The Building of A Reef ï± Coral Growth - The Constructive Stage ï±...

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Transcript of The Building of A Reef ï± Coral Growth - The Constructive Stage ï±...

  • Slide 1
  • The Building of A Reef Coral Growth - The Constructive Stage Bioerosion - The Destructive Stage Sediment Production and Redistribution Wilson Ramirez
  • Slide 2
  • Constructive Stage - Carbonate Production by Corals and other Organisms The most important processes in the marine system can be described by the formula: Ca ++ + 2HCO 3 - CaCO 3 + CO 2 + H 2 O The vigor with which aragonite will form is thus related to the abundance of free calcium (Ca ++ ) and HCO 3 -. The addition of CO 2 to water ultimately makes both of these available through the following process: CO 2 + H 2 O H 2 CO 3 H + + HCO 3 - + Ca ++ Free H +, left over from the calcification process lowers the pH (makes the solution acidic). Conversely, dissolution of carbonate will increase pH. The ability of various organisms to regulate pH within their tissues, and drive the reaction toward the precipitation of aragonite, may be an important factor in biologically-mediated calcification.
  • Slide 3
  • Bioerosion - Destructive Stage While corals and coralline algae are capable of producing massive structures over time, most other organisms living in and on the reef counter that process in their quest for food (grazers) or shelter (borers). This process was termed bioerosion by Neumann, and has subsequently been recognized as a major factor in both the biological and geological development of reefs. Grazers and Predators Borers Rates of Bioerosion
  • Slide 4
  • After Scoffin (1972) Bioerosion
  • Slide 5
  • Algae and Overgrowth All dead surfaces of the reef are rapidly overgrown by a thin film of filamentous green algae. These form broad algal turfs that are a favorite diet of many fishes and urchins. Some algae bore tiny but ubiquitous holes into the reef surface. These endolithic algae can weaken the substrate, making it more susceptible to damage by grazers.
  • Slide 6
  • Grazers The algae are digested, and the remainder is passed through the gut, mostly as sand. While some grazers (i.e. damselfish) selectively pluck turfs from the substrate, and actively "farm" the turfs within their territories most grazers are less selective.
  • Slide 7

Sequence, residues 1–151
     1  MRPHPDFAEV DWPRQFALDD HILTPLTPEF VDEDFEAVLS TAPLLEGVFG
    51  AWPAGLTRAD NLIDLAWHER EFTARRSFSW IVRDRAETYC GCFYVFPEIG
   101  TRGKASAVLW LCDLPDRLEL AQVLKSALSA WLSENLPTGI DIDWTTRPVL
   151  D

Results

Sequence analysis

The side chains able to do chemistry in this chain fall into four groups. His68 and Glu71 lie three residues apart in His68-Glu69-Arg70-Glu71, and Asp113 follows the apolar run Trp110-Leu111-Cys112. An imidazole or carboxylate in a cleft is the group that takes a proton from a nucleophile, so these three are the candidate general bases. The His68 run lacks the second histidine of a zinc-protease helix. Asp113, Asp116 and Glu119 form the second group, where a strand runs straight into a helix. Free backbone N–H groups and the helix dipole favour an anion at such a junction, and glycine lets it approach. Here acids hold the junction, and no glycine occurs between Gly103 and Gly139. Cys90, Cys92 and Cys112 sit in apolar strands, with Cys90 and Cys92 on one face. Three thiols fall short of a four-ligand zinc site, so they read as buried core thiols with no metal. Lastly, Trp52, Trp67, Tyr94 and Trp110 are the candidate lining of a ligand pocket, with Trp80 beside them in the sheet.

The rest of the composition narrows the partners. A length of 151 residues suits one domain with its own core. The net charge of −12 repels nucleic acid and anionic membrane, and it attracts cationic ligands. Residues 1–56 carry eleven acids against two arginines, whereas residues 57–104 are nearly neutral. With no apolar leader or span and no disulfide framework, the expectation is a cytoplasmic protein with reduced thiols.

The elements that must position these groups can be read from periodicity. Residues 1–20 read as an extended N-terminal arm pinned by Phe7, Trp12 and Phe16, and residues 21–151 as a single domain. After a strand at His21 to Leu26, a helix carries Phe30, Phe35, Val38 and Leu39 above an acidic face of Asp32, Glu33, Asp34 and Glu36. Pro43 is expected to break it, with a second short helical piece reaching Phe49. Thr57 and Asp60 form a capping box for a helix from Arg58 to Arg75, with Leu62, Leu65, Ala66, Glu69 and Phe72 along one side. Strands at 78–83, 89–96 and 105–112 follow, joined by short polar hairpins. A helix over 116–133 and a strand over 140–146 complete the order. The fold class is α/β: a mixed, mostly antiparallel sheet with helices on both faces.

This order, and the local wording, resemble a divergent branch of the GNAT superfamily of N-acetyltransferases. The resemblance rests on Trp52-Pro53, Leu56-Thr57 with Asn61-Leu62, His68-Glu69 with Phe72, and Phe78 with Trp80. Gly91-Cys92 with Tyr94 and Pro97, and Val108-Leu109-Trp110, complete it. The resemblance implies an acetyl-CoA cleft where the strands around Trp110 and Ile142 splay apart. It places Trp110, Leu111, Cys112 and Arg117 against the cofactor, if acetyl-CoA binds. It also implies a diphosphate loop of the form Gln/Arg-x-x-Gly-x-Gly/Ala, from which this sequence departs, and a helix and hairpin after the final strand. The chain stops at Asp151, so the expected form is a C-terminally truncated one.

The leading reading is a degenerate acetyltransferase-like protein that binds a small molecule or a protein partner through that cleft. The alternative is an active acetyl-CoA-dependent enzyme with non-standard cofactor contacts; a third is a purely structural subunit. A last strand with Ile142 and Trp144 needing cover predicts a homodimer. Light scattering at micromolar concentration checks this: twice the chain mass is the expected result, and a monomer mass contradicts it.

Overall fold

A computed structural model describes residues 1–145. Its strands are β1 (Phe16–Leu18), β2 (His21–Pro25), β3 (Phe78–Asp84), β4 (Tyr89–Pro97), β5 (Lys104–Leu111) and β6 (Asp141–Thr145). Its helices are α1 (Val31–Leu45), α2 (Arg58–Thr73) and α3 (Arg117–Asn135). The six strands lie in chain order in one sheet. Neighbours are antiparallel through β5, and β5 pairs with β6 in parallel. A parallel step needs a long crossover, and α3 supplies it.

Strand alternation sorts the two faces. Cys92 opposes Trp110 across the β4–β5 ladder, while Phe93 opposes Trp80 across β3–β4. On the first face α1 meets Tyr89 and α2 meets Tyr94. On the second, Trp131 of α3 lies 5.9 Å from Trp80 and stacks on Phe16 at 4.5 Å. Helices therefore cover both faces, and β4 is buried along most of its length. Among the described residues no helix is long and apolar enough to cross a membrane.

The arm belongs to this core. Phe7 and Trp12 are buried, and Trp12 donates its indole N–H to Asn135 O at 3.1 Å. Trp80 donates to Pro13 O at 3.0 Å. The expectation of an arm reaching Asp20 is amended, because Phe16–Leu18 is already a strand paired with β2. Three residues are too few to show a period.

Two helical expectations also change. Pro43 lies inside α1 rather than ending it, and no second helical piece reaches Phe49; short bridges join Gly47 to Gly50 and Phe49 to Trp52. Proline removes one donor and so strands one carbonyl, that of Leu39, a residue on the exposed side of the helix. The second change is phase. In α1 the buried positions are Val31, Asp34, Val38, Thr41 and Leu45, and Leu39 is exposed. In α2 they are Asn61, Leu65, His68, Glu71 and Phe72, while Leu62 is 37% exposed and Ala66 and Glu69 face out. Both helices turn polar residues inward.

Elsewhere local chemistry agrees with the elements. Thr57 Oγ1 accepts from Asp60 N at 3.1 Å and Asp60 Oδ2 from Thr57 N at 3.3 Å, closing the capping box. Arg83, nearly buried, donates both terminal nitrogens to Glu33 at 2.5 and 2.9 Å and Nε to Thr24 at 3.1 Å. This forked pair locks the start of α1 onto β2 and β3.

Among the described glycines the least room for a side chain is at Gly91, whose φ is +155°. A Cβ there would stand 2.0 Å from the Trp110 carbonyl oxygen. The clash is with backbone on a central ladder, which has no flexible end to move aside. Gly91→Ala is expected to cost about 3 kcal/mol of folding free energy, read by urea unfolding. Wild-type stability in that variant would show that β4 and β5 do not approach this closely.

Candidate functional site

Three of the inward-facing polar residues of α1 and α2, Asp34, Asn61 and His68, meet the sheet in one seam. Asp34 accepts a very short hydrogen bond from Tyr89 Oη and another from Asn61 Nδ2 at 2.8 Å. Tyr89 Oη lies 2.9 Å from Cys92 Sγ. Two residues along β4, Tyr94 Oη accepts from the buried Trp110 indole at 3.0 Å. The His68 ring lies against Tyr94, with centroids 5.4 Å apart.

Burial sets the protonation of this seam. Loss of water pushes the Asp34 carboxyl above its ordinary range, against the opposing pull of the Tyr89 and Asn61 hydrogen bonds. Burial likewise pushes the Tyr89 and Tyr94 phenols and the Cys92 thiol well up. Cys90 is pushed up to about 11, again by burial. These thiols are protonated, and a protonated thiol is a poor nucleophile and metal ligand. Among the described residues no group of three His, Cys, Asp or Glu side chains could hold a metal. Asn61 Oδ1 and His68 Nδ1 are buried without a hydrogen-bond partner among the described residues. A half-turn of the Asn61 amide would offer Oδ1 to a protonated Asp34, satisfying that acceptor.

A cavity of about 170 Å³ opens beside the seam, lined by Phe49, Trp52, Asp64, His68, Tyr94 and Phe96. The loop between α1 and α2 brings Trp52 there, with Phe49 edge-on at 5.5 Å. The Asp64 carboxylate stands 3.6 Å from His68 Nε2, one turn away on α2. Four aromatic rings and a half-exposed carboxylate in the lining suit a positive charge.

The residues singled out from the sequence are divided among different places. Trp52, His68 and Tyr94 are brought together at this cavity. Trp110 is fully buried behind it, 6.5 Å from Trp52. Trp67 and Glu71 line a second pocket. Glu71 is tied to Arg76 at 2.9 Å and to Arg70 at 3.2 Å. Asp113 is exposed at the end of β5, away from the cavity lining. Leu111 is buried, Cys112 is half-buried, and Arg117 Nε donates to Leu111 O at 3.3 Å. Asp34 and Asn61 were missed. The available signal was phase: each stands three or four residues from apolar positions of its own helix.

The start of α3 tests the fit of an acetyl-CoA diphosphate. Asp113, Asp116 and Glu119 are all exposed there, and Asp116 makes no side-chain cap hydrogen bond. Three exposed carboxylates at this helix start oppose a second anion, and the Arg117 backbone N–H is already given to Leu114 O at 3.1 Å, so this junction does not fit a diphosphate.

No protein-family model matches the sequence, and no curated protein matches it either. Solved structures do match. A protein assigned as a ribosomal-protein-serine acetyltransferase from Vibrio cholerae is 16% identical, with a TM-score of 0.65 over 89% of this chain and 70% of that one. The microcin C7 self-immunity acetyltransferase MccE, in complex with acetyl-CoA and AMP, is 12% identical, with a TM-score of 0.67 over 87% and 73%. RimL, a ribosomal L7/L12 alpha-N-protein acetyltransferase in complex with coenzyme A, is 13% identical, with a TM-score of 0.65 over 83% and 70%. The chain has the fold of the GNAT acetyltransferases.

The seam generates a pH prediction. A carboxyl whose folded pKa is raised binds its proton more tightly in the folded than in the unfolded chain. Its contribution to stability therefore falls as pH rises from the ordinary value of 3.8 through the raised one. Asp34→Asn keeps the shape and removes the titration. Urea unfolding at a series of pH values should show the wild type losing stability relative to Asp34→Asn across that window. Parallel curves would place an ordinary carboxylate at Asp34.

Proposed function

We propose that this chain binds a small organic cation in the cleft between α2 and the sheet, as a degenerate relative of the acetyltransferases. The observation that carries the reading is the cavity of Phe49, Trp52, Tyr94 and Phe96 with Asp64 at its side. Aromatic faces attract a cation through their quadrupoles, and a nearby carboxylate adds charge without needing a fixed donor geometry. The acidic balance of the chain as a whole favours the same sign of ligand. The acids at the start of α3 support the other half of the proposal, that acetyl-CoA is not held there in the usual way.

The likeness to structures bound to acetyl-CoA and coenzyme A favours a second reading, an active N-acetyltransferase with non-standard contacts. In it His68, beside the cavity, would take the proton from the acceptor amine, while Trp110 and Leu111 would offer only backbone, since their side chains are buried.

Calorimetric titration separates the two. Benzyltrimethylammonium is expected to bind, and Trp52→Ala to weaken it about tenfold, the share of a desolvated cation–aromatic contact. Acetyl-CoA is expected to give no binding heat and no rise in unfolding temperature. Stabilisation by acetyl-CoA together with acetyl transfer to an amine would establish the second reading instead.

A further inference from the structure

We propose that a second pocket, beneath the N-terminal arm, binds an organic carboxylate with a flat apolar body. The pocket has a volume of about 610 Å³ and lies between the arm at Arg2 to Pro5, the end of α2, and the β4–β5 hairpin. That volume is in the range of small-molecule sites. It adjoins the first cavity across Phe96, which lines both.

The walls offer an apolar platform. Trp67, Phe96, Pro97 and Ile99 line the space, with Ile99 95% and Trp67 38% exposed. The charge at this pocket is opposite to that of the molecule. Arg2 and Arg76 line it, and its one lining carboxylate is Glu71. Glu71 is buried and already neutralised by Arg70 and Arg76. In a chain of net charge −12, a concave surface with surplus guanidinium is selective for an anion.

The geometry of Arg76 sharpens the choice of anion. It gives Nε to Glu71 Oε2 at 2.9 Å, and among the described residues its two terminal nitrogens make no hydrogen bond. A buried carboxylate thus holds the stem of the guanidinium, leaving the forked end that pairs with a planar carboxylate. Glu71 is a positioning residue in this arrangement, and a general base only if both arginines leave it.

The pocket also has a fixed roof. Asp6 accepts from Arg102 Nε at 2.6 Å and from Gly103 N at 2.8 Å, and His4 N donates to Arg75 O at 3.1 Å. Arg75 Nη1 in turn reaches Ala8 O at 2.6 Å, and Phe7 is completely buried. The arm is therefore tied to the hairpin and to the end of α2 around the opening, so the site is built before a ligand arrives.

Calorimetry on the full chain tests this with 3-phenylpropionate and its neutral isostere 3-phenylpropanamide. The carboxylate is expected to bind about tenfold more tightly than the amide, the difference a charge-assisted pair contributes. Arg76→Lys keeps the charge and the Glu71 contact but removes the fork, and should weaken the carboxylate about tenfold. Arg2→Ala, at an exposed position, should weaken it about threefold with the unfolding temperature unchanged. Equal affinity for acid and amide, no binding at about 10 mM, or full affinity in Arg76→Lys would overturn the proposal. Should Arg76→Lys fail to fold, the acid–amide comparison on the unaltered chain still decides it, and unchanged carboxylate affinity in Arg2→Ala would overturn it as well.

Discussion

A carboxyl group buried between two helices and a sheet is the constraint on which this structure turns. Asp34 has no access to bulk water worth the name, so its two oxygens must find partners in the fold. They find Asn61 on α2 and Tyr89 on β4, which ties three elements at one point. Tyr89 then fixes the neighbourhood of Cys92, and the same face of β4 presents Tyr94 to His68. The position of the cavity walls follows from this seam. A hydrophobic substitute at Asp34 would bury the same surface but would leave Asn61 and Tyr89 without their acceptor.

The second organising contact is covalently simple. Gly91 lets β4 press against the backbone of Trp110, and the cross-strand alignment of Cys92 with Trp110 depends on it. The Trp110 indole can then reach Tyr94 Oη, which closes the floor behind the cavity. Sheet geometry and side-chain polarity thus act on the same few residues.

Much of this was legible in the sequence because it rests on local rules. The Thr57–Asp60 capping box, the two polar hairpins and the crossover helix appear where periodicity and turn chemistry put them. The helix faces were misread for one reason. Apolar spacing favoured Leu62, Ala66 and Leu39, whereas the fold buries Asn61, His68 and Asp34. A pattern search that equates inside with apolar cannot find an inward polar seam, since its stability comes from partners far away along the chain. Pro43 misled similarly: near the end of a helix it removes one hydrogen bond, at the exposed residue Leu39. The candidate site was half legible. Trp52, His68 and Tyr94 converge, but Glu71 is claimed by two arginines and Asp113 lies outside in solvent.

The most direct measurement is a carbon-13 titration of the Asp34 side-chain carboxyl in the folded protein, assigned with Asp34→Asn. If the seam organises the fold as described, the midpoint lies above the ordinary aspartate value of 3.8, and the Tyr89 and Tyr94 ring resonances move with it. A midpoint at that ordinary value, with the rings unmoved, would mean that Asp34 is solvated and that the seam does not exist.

• Predators Some predators feed on live coral. Along the Great Barrier Reef, the Crown-of- Thorns starfish (Acanthaster plancii) has been the focus of national concern each time its population reaches epidemic proportions and devastates large areas of live coral. In the Caribbean, coralliophyla (coral devoring snails) are becoming larger and more common and the number and size of fire worms is increasing. Both of these feed on coral.fire worms Parrotfish bite off pieces of substrate and pass them through a rasping structure, the pharyngeal mill, which produces a mixture of algae and sediment.
  • Slide 8
  • DANGEROUS PREDATORS ?
  • Slide 9
  • The upper core is of a relatively undisturbed reef coral. The lower core shows extensive boring by bivalves. Boring into reefal rock by Clinoid sponge Borers Lithophega can reach 30 cm in length and, in isolated instances, over 50 individuals per cubic meter can be found within a patch of reef.
  • Slide 10
  • Rates of Bioerosion The best estimates of bioerosion come from controlled experiments in both the laboratory and the field. Based on these, grazers appear to be responsible for better than half of the bioerosion in Caribbean reefs. Ogden proposed a rate of 0.49 kg/m 2 -yr for a small reef system on the north side of St. Croix (Caribbean Sea). This was computed from the amount of sediment produced by an "average" fish (determined by divers collecting "samples" from numerous fishes) multiplied by the number of defecations per fish and the number of fish on the reef.
  • Slide 11
  • Rates of Bioerosion At many locations, urchins produce larger amounts of sediment (up to 5 kg/m 2 -yr; avg ~ 2kg/m 2 -yr, equally split between sand and mud. The relative importance of sponge boring was determined for St. Croix by Moore and Shedd who measured rates averaging near 1.25 kg/m 2 -yr, with 90% of this being mud. Rates exceeding 4 kg/m 2 -yr are certainly possible. At many locations, urchins produce larger amounts of sediment (up to 5 kg/m 2 -yr; avg ~ 2kg/m 2 -yr, equally split between sand and mud. The relative importance of sponge boring was determined for St. Croix by Moore and Shedd who measured rates averaging near 1.25 kg/m 2 -yr, with 90% of this being mud. Rates exceeding 4 kg/m 2 -yr are certainly possible.
  • Slide 12